Part 6: TimesSelect & Foreign Correspondence

To truly understand the different shades of “conversation” that have been proffered by the blogosphere, let's look at two Op-Ed columnists.

One columnist began a blog a week after the Iraq war started in March 2003; the very first one on He posted nearly every day over the next two and a half years, 883 posts in all. In most of the posts, he reprinted readers' letters and responded to them. His TimesSelect blog had 180 posts over the two years. He created a MySpace page (which even caught the attention of Gawker). The page was set up to promote his “Win a Trip” contest, whereby the Times sponsored a college student's reporting trip to Africa with the columnist. The contest drew in 3,797 entries in its first year. The columnist regularly posted video of his travels. In one of his last blog posts before he went on book leave, he asked for comments and received 235 of them. He wrote in his column once how absurd it was for the federal government to give a check for $588 to not farm his plot of Oregon. His readers told him to give it to charity. He listened.

The other columnist is known for his style: folksy and well, conversational. Instead of talking points, his columns offer new metaphors. He also was given a blog when TimesSelect started, yet he mustered 6 posts in the first two months. When 2006 rolled around, he stopped posting his own thoughts, instead just using it to post letters from readers. Since the start of 2007 alone, there have been 189 letters, 34 of them included substantive questions that have yet to be answered (see summary).

Which one could we say is participating in the conversation? And which one was the top ranked columnist on our Buzz Rankings?

Kristof and Friedman

Meet the two faces of the foreign affairs columnists for the New York Times. Nicholas Kristof is hip to all of the trends in social media, yet of the 7 regular Times Op-Ed columnists, he was ranked last in buzz. Thomas Friedman skips out on the whole thing, and enjoys four times the blog buzz, even passing Paul Krugman during the last two years.

The raw numbers reflect outside recognition. In July 2006, Friedman was given the 10th annual “Webby” award for the Person of the Year. The columnist seemed an odd choice; that particular award went to Craig (“of Craigslist”) Newmark the year before, and to the founders of YouTube the year after. I emailed Jody Collins at the Webby Awards; she referred me to Patrick Kowalczyk of Michael Kaminer public relations. Kowalczyk scanned in the program from that year's ceremonies and sent it to me, which I reproduce here for the first time on the web:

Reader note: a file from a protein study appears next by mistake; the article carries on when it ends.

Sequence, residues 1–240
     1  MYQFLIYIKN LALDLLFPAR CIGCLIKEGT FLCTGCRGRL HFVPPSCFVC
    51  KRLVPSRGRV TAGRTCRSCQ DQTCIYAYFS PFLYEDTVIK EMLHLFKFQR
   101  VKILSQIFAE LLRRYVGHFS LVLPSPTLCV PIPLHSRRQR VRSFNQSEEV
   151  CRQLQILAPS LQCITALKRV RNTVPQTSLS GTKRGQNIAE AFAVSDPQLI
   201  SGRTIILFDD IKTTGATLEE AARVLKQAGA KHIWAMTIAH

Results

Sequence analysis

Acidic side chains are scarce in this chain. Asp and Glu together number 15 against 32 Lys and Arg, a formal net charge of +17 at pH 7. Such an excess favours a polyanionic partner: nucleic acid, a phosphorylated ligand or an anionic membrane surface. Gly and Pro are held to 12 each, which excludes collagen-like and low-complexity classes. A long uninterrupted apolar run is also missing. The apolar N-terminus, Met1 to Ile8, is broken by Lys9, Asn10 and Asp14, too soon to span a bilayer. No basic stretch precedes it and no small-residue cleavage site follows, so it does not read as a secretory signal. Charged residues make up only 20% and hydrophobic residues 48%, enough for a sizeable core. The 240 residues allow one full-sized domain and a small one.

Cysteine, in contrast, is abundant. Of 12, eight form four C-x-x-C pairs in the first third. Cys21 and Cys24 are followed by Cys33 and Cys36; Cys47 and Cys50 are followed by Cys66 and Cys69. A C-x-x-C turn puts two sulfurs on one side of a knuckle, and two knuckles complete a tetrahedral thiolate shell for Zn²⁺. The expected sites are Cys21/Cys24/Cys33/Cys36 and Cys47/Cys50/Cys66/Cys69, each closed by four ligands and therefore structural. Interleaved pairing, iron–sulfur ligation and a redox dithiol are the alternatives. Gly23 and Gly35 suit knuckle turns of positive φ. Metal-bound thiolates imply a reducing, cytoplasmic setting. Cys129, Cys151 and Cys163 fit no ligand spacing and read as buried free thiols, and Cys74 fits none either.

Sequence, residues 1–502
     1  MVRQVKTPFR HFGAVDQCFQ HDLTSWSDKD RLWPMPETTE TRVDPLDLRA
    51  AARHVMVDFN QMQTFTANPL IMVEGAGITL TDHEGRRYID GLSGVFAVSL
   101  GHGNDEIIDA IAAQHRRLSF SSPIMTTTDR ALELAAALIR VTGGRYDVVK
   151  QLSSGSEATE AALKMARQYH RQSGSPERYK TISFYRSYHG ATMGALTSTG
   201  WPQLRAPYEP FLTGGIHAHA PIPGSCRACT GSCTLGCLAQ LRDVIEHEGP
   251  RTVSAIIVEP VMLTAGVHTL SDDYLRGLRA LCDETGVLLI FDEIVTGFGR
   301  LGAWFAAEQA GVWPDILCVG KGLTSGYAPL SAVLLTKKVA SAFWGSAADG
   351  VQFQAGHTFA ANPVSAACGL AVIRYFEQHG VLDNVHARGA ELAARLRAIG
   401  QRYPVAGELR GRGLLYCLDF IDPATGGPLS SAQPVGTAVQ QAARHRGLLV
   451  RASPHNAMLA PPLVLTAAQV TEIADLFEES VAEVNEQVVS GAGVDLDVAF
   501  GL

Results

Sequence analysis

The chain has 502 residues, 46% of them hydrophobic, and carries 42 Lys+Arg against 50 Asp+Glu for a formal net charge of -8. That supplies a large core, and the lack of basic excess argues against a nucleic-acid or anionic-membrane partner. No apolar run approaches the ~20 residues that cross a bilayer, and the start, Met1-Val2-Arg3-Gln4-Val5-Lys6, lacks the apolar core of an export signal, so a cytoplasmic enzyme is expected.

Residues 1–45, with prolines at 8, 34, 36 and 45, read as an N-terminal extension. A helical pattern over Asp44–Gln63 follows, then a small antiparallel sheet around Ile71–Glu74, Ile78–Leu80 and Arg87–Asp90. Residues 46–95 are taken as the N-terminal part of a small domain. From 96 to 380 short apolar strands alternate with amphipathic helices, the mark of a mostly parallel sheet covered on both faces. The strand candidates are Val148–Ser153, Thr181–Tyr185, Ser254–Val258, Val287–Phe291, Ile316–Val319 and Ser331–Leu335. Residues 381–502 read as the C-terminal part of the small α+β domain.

It gives us great pleasure to honor Thomas L. Friedman as the The Webby Person of the Year. This award was established to recognize an individual or group of individuals who have instigated, documented and catalyzed great achievement on the Internet. Mr. Friedman's outstanding writing and unparalleled journalistic curiosity on behalf of the New York Times and more specifically in his recent best-seller The World His Flat: A Brief History of the 21st Century makes him the ideal candidate for this award. His insightful description of Globalization 3.0, as he has coined it, spans the economic, political, technological, and social spheres, fostering unequaled dialogue in university lecture halls, office boardrooms, and urban watering holes alike.

Friedman proved his mettle when he answered MediaBistro's question during the cocktail hour about his thoughts on “being behind a paid wall.” His response echoed around the blogosphere; this is most of the text here:

I'll you what I told everybody: I hate it. It pains me enormously. It's cut me off from a lot of people – especially because I have a lot, a lot of people who read me overseas, like in India and whatnot. So I hate it, but – the great thing about my job is I can go from here right now, and go to JFK, get on a plane, and go to China, or go to India, and I don't have to ask anybody, and somebody's got to pay for it. So I'm in a real dilemma. On the one hand I feel totally cutoff from my audience (an audience I think that's growing out there – for all of us, not just for me, but for the New York Times) and on the other hand we need to make to money somehow. And the traditional dead-tree way of doing it, doesn't really provide enough to go forward; and the bits and bytes aren't there yet either. So that's our problem.